Bear with me, it’s far more tasty than it seems!

Leave it in the pan while you make up a pan of cheese sauce. Dead easy, especially if you follow my fail-safe method.

Ad a big slice of butter into a saucepan (the chefs will tell you 1oz of butter to 1oz of flour, but my method is far more reliable….trust me). When it has melted gently, add a tablespoon of plain flour and whisk it together. This next bit is vital – if it’s too runny or sloppy add a bit more flour, if it’s like biscuit crumbs add a bit more butter and let it melt in.

When you’re happy with the texture (it should look a bit like a dry cake batter), leave it to cook a bit until it smells like biscuits. Add milk a little at a time, whisking in between and leaving it to come back to heat. When you’ve got it to the consistency of single cream let it come fully back to heat and whisk it now and again so you can judge whether it’s thickening up or not.

Add a bowlful of grated cheese – I used Cheddar and a bit of Red Leicester today because…well you can guess can’t you?! Stir it in and season to taste.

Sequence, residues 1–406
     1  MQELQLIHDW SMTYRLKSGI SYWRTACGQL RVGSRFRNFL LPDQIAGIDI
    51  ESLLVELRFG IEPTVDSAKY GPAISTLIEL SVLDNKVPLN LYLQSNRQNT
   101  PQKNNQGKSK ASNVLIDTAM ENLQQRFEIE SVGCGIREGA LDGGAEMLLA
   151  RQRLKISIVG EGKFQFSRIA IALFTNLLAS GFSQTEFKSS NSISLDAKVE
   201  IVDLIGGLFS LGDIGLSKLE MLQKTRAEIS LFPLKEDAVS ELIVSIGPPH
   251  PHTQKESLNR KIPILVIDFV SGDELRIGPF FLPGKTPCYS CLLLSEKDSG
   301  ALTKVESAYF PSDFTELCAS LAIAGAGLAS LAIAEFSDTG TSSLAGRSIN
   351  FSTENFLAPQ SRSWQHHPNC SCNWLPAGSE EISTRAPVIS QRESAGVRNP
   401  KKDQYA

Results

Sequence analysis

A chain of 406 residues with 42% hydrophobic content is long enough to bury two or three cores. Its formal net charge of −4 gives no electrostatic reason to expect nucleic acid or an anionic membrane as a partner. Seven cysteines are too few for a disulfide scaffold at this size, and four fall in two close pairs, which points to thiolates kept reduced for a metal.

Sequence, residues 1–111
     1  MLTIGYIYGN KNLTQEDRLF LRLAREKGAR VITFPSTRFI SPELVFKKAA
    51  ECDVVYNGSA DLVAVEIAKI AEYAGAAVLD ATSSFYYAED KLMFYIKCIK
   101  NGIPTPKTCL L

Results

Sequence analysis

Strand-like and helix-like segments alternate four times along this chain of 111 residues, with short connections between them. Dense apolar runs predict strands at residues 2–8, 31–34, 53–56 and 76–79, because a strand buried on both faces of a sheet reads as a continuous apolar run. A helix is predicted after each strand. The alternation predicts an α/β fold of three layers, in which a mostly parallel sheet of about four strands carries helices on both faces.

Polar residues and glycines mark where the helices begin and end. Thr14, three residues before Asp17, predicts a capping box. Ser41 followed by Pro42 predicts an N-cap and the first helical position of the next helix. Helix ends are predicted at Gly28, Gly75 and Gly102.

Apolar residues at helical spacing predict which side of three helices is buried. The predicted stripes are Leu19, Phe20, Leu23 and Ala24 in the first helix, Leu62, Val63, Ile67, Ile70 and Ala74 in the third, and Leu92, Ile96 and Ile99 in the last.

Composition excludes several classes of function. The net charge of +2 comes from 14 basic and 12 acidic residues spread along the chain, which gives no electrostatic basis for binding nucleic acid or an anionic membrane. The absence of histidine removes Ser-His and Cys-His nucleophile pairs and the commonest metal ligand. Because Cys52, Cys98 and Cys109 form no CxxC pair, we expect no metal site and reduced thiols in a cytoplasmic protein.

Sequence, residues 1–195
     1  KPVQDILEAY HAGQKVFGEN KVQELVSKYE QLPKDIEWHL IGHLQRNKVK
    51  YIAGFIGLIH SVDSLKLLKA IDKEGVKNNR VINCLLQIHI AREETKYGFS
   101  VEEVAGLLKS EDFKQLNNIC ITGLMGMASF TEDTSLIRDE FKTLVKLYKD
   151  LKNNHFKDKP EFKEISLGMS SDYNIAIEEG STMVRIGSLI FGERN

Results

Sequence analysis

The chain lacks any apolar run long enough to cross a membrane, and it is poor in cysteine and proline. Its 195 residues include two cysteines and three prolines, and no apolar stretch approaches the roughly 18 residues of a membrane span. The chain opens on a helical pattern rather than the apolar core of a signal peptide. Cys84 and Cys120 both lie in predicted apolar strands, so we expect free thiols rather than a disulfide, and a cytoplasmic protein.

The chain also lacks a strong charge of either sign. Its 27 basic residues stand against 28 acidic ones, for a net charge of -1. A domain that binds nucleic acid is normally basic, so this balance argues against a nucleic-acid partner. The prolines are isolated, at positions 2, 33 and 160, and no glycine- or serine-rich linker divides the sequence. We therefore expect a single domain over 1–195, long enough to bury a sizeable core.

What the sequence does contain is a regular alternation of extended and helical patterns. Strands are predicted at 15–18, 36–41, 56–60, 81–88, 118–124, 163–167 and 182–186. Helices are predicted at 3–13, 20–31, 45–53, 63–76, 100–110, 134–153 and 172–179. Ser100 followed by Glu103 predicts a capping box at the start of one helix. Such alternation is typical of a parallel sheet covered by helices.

It will need at least salt and pepper (careful with the salt depending on how salty your cheese and your bacon is) and I always add about a teaspoon of dried mustard powder for a bit of a kick.

Drain your pasta, put it into an oven proof dish with the bacon and mushrooms and mix it up gently with a couple of spoons. Pour your cheese sauce over the top and mix it again to make sure all the pasta is coated.

This is the tasty bit – add a crunchy topping to suit whatever you’ve got in the cupboard and fridge. Sometimes I’ll slice a couple of tomatoes and place those on top and then add a bit more grated cheese, and other times I’ll grate some Parmesan cheese and mix it with some breadcrumbs to sprinkle over the top. Tonight’s topping was a cracker – two packets of cheese and onion crisps, crushed and mixed with half a bowlful of Red Leicester. Tasty!!